The village stood on a steep slope that faced west, and overlooked a deep, winding wadi that ran from east to west. Secondary roads and dirt paths linked Nitaf to the other villages in the area and ultimately led to major highways, such as the Jerusalem−Jaffa highway. The village houses were built of stone and were clustered together in a small area, in no distinct pattern. The village population was Muslim. The villagers obtained their domestic water from a spring to the west and depended on rain for watering their crops. They planted grain, fruit trees, olive trees, and vineyards on their lands. Some of their lands were also used as grazing areas. In 1944/45 a total of 158 dunums was allocated to cereals; 166 dunums were irrigated or used for orchards, of which 77 dunums were for olives. Nitaf was built on an archaeological site and was surrounded by a number of khirbas. There was a maqam (shrine) for a Shaykh Mas'ud to the east of the village.
The nearest village for which reliable information exists is Dayr Ayyub. That village, like many in the northern half of the Jerusalem corridor, was occupied (on three separate occasions) during the battles that took place around the strategic al-Latrun salient from mid-April to early June 1948. Haganah attacks were launched in the context of a series of operations following Operation Nachshon (see Bayt Naqquba, Jerusalem District), and although they did not succeed in occupying al-Latrun, they managed to widen the Haganah-held territory in the western approaches to Jerusalem. If Nitaf was not occupied by early June, it almost certainly fell to Israeli forces in the second stage of Operation Dani (see Abu al-Fadl, al-Ramla District).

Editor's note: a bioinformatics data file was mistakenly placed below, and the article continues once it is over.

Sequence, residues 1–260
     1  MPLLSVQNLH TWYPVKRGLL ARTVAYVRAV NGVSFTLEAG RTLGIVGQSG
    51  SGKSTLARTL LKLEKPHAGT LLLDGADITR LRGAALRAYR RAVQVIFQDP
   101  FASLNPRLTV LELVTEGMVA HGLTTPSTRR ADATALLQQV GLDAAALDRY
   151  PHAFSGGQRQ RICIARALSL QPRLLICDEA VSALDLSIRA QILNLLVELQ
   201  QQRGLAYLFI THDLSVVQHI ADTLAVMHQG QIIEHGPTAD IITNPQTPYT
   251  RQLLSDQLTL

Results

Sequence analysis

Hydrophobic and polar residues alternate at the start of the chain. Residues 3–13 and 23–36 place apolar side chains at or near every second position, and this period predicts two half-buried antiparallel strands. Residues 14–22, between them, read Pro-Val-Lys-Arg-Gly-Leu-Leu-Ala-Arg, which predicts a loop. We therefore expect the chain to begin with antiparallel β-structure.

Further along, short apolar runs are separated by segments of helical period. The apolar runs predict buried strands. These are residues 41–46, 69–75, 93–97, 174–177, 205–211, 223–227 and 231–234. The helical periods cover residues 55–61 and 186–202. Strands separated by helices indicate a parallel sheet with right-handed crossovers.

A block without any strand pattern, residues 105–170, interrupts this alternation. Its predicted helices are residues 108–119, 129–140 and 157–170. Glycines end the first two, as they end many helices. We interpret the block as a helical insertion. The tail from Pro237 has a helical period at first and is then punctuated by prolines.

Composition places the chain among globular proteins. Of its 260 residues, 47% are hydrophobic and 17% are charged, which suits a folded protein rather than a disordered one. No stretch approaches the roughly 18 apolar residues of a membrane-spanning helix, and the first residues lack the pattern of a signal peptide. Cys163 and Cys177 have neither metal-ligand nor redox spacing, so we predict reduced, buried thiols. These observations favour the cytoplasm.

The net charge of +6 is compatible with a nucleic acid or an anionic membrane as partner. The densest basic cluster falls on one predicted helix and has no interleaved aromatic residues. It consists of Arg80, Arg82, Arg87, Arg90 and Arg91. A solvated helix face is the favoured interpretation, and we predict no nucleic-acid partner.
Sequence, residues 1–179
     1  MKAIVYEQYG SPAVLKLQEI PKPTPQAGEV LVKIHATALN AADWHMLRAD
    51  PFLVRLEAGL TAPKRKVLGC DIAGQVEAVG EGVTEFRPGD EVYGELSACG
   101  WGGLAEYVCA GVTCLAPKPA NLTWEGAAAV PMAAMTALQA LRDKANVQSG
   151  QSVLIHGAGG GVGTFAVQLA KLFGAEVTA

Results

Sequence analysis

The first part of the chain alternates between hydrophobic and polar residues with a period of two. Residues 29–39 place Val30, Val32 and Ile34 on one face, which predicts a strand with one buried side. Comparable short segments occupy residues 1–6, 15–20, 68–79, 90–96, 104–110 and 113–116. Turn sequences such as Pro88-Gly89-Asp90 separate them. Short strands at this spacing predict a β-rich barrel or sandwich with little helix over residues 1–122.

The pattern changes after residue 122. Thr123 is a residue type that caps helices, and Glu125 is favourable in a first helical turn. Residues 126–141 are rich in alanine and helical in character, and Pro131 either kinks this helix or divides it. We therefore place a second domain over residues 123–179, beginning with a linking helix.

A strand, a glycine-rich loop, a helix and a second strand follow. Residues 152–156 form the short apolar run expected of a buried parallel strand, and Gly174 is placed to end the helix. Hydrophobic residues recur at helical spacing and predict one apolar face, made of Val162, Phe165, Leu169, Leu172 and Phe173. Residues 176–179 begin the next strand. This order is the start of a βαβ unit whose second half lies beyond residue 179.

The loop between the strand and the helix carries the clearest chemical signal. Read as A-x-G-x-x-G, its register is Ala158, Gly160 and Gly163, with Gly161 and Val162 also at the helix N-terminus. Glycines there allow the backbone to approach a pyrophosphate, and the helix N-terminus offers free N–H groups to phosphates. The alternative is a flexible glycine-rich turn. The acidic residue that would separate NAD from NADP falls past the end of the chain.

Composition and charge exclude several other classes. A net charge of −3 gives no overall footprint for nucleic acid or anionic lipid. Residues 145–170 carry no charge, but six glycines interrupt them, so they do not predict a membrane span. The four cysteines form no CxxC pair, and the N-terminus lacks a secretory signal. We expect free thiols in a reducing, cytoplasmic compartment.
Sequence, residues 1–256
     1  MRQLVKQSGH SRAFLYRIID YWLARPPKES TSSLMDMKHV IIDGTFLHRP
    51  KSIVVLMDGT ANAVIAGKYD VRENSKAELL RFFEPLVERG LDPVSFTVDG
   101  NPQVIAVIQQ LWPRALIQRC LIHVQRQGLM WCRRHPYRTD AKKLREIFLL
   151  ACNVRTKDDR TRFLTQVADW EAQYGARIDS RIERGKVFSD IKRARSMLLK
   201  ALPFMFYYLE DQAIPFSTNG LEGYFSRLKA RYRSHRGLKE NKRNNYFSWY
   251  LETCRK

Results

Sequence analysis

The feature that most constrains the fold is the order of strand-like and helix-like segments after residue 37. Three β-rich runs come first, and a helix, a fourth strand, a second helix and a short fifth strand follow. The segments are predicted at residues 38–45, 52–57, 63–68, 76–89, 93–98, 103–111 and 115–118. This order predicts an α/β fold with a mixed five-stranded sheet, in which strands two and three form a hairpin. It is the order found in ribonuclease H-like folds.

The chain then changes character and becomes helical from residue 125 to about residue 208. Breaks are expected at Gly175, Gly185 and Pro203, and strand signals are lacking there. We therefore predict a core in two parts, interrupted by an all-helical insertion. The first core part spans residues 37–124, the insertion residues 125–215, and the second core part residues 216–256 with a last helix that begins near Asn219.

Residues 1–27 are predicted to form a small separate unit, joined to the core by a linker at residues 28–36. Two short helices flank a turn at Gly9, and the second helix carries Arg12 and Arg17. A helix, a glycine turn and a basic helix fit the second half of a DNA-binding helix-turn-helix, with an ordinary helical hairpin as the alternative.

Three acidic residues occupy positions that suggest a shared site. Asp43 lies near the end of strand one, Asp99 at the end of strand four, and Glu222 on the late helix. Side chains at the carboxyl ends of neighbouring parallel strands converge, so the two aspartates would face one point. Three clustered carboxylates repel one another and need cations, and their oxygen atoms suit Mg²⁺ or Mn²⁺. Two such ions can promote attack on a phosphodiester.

There are no Israeli settlements on village lands. However, the settlement of Nataf (156137), established on the land of Bayt Thul in 1982, is less than 1 km south of the site. Its name clearly resembles that of Nitaf.
There is a large, deserted stone house on the site surrounded by old terraces. It is a one-storey house with an arched door and arched windows. Northwest of this house, at the bottom of a slope, stands another deserted house. Most of the village lands fell within the Demilitarized Zone that was delineated by the armistice agreement of 1949 between Israel and Jordan.